When I did a man called "Hawk" I was in Washington DC.  And a woman lawyer came to me one day on the street while we were shooting.  She says "How can you do this thing?"  She had worked with violent juvenile offenders.  A terrible affliction of mankind it is.  She said "How can you in all conscience do this thing?  You are promoting violence."  And when I'm trying to turn this stuff around with this children I make the case not to escape the question.  And I say this:  If we cannot teach our children the value of life, let alone the difference between terrible fiction and reality and truth, then we are in worse shape than we really know.

The most important thing it seems to me is to value life and to pass that value on to succeeding generations.  If you don't like what's on television, turn it off.  If you don't like what is there in fiction don't beat it.  And then I get off that train on the spot. 

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 Slow your role, a question of Race?


Have there been times when there were things in the script which were out of character for Sisko, and if so, did Avery  voice his concern?

click for close-up (18784 bytes)I have to say it, I did it all the time.  And they said "Well, but that's what we wrote."

The prepositions were important.  If, and, but, all those things.  Articles.  It was astounding to me that this itty bitsy little things, the connective tissue of words, were important.  That is not to say that the writers haven't done excellent work.  I think that all of us learned something about each other. 

One day I said in a line "Oh hoho!   Slow your role!"
They turned to me and said "Well, that's not written.  That sounds too twentieth century.  'Slow your role' is too contemporary."

What they really meant that it sounds too much like brown and urban and American.  Which even in my country which I dearly love is a fault, and even in Star Trek. 

When Cassidy and Sisko were married they chose this middle name for Cassidy which looked like a character that the comedian Martin Lawrence would have invented.  I said "Wait a minute!  Why did you pick that name?  They went on to tell me that it had some deep African origin.  And that a friend researched it etc. etc. until they remembered who they were talking to.   That is to say that among other things I was born brown of African descent.   But more importantly that I had studied.  So I know what I am talking about.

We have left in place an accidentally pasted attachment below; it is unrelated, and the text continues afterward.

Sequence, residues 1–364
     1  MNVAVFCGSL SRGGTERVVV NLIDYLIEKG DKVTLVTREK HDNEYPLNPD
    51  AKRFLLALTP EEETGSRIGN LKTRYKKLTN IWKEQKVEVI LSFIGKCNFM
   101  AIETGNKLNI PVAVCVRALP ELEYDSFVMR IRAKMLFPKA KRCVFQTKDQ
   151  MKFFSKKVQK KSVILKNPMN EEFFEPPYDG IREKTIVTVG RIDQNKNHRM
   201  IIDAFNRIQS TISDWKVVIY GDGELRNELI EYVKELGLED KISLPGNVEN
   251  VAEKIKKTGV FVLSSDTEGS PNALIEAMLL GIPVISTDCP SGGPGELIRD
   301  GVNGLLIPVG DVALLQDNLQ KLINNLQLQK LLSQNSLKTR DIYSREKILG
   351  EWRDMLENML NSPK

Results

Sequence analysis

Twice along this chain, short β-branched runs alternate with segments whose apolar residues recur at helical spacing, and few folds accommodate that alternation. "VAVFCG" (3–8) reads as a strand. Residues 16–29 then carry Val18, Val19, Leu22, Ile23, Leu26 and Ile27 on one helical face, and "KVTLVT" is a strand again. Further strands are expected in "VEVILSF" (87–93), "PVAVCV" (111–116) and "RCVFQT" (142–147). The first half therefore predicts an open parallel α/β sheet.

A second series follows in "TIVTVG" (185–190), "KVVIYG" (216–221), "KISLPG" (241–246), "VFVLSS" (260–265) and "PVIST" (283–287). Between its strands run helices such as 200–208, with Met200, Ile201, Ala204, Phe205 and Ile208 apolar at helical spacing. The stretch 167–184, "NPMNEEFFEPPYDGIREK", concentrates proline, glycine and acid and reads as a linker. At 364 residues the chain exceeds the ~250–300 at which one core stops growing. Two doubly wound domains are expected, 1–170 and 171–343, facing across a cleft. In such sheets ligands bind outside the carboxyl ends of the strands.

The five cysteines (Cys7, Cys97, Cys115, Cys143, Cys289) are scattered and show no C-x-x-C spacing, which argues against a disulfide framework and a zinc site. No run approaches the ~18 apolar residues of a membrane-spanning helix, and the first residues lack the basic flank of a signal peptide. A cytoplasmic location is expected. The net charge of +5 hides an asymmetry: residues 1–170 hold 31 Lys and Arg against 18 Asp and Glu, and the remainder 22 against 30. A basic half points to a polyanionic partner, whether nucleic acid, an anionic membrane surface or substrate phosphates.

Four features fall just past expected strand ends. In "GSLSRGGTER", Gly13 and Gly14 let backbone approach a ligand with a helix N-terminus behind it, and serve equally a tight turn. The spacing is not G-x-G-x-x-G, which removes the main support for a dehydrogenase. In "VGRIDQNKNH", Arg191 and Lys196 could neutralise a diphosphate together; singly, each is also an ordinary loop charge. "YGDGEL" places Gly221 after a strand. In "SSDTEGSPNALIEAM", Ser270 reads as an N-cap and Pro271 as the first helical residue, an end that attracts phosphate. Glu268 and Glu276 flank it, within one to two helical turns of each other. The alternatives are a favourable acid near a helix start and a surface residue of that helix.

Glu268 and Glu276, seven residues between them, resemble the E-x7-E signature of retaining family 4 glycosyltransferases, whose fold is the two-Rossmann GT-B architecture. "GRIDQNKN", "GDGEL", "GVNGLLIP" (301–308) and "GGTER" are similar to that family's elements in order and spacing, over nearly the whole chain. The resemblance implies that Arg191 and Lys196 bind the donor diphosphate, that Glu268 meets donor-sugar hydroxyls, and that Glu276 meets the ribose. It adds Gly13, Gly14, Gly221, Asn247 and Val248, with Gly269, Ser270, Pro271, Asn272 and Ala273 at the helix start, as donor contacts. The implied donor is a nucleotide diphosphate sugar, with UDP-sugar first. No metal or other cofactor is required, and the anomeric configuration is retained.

Moreover to get back to the point: 'Slow your role' is too contemporary.  But I venture to say, virtually in every script that I'm aware of you hear 'What's up?'.  Is that a 24th century expression?  Even though we may very well be saying it in the 24th century, my point is that you can't have it all ways, but, they decided to have it their way.  I think the attention they have given to detail in Star Trek, the tight grip that they had was a measure of its great success.   But it is also a reflection of Hollywood in particular.  Hollywood's inability to look at the world as the world is. 

There are many voices in this world and I don't just mean the brown voices.  Hollywood doesn't look like that and it doesn't sound like that yet.  And I don't think it ever will in my lifetime.  Perhaps that will change but it's important to know that I held my ground when it came to the discussion of culture. 

I held my ground when I would say things and they would tell me 'Avery, let's say the line like a role.'  What I could not do is to make it up in Spencer or Hawk.  I suppose I could have, but I wonder why I chose not to do that.  Because it didn't matter what the words were.  But they were running a very tight ship.  I think the fact that they had somebody who was brown and American and male meant more to them than it meant to me. 

Immediately the questions came from the people of my country "You are now a role model.  How does that feel?"   I must tell you folks, I was born this way.  I was taught to take responsibility for my accent.  That's all I know.  Playing a brown commander, playing an African-American person, I don't know how to do that.  I am one. 

I think we learned something about each other.  What that is I don't know.  Maybe as time passes we all gain some better understanding.  I do mean the Star Trek folk and I.  It was not all the time a very easy thing to do, to tell you the truth.

As a matter of fact, so just that you know, sometimes I couldn't get on the lot because my name wasn't even on the call sheet.   And sometimes I couldn't get off the lot.  My car had to be searched and all such things:  "What  do you have in there?  A run-about?"   But that's the truth.  Really the truth.  We Americans have a long way to go with a lot of things but particularly with the question of race.